An Adventure in American Culture & Values
Studying in the United States of America can be a wonderful learning experience. Both in and out of the classroom you will learn and practice the English language. You will also learn much about American life and its sometimes confusing culture.
As you prepare to come to the U.S., it may help to know something about the values that shape U.S. Americans’ attitudes and behaviors. As you consider these values it is important to remember that:
- U.S. society is made up of a diversity of ethnic groups and cultures that have helped shape American values;
- Some individuals and groups have a set of respected values that are quite different from those of mainstream America;
- People’s attitudes and behavior are based on their values.
Some Major U.S. American Values
Individuality: U.S. Americans are encouraged at an early age to be independent and to develop their own goals in life. They are encouraged to not depend (too much) on others including their friends, teachers and parents. They are rewarded when they try harder to reach their goals.
Privacy: U.S. Americans like their privacy and enjoy spending time alone. Foreign visitors will find U.S. American homes and offices open, but what is inside the American mind is considered to be private. To ask the question “What is on your mind?” may be considered by some to be intrusive.
Equality: U.S. Americans uphold the ideal that everyone “is created equal” and has the same rights. This includes women as well as men of all ethnic and cultural groups living in the U.S. There are even laws that protect this “right to equality” in its various forms.
The general lack of deference to people in authority is one example of equality. Titles, such as “sir” and “madam” are seldom used. Managers, directors, presidents and even university instructors are often addressed by their first or given name.
Time: U.S. Americans take pride in making the best use of their time. In the business world, “time is money”. Being “on time” for class, an appointment, or for dinner with your host family is important. U.S. Americans apologize if they are late. Some instructors give demerits to students who are late to class, and students at most universities have institutional permission to leave the classroom if their instructor is 10 or 15 minutes late.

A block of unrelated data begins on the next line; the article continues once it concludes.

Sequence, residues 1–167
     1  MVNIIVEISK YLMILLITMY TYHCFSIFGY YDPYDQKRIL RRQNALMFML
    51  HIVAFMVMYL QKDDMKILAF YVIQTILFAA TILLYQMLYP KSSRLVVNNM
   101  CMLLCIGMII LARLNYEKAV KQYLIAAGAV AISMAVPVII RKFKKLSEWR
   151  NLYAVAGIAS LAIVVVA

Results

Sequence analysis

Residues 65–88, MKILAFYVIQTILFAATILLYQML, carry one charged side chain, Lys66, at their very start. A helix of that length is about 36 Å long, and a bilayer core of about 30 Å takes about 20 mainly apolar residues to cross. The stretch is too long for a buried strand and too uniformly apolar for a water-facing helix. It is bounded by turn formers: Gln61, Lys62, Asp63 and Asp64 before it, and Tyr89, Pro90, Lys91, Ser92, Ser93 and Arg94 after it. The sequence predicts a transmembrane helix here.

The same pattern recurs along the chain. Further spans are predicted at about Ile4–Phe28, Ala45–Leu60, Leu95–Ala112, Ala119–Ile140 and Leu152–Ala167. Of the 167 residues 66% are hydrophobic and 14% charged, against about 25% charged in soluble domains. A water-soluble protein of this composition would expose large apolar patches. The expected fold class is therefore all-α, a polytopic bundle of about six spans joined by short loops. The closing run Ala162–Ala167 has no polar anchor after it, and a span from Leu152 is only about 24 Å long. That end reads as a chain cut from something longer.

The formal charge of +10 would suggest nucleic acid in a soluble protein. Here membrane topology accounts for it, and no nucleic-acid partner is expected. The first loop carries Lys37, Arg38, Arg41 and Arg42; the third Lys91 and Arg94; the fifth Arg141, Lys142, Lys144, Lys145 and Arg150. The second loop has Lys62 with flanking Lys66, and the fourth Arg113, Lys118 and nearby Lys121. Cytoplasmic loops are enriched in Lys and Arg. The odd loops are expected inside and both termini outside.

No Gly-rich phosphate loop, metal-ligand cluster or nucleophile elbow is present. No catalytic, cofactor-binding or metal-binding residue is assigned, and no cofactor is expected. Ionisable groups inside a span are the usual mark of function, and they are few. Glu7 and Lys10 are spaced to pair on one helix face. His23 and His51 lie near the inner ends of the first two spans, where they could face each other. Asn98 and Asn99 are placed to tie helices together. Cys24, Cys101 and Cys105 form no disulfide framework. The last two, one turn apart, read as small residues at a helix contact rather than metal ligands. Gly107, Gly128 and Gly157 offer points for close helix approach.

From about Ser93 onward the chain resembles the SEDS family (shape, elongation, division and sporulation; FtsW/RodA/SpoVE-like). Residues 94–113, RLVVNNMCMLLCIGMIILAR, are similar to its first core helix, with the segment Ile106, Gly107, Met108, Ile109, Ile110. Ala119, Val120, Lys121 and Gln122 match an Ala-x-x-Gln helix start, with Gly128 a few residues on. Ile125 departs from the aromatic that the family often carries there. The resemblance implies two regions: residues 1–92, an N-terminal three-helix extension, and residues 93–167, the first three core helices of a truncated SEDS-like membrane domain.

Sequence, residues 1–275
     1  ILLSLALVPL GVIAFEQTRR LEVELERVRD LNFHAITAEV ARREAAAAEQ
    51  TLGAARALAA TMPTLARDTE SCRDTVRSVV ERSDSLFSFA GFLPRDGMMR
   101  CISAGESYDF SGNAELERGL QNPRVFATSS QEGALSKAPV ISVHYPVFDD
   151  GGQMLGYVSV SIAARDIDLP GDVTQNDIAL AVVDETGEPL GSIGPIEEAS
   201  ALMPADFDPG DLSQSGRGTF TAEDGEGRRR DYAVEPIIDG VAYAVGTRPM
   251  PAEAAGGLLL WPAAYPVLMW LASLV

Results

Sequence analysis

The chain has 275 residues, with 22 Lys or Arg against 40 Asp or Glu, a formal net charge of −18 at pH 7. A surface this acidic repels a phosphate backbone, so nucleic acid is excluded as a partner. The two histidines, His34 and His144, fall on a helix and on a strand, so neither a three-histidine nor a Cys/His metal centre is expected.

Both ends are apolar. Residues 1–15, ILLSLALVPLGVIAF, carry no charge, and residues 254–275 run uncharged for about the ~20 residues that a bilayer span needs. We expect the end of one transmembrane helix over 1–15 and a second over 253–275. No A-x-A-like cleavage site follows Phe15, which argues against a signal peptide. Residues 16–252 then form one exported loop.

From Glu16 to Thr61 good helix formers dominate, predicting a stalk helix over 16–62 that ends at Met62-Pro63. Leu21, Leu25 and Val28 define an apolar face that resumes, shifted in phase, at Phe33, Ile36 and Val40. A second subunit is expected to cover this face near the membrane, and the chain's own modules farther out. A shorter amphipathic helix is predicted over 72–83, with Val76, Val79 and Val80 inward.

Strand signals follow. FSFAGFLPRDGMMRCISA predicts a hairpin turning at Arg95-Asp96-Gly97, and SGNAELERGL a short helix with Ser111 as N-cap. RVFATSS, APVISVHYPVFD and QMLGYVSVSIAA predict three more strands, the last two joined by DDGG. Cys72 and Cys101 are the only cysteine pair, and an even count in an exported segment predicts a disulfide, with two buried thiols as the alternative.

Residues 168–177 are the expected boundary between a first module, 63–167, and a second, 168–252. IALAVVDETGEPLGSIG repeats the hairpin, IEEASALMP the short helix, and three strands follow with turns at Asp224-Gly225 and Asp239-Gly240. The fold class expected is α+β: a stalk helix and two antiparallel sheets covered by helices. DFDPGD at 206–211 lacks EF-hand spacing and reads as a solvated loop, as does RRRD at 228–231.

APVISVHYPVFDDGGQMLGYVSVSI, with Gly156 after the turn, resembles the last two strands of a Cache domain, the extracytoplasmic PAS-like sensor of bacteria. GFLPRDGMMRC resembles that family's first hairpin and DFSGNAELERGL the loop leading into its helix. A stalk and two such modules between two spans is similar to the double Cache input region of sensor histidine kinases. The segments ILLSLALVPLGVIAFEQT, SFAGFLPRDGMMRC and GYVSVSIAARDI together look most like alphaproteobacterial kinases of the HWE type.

Informality: The U.S. American lifestyle is generally casual. You will see students going to class in shorts and t-shirts. Male instructors seldom wear a tie and some may even wear blue jeans. Female instructors often wear slacks along with comfortable walking shoes.
Greetings and farewells are usually short, informal and friendly. Students may greet each other with “hi”, “how are you”? and “what’s up”? The farewell can be as brief as: “See you”, “take it easy”, or, “come by some time” (although they generally don’t really mean it). Friendships are also casual, as Americans seem to easily develop and end friendships.
Achievement & Hard Work/Play: The foreign visitor is often impressed at how achievement oriented Americans are and how hard they both work and play. A competitive spirit is often the motivating factor to work harder. Americans often compete with themselves as well as others. They feel good when they “beat their own record” in an athletic event or other types of competition. Americans seem to always be “on the go”, because sitting quietly doing nothing seems like a waste of time.
Direct & Assertive: U.S. Americans try to work out their differences face-to-face and without a mediator. They are encouraged to speak up and give their opinions. Students are often invited to challenge or disagree with certain points in the lecture. This manner of direct speaking is often interpreted by foreign visitors as rude.
Looking to the Future and to Change: Children are often asked what they want to be “when they grow up”; college students are asked what they will do when they graduate; and professors plan what they will do when they retire.
Change is often equated with progress and holding on to traditions seems to imply old and outdated ways. Even though Americans are recycling more than before many purchased products are designed to have a short life and then be thrown away.
Adjustment & Culture “Shock”
You may notice that these American values are, in some instances, quite different from your own. When you come to the U.S. the reality of these differences will be more evident. You will likely experience culture “shock” as you learn to adjust to the new culture and way of living. This is very normal and requires both time and patience.
Good Wishes for a New Cultural Experience
Your decision to study in the United States will provide you with endless opportunities to learn about a new culture and about yourself as well. You will also have a chance to “educate” U.S. Americans about your own country and cultural values.
Article by Marian Beane, Director, International Student/Scholar Office, UNC Charlotte.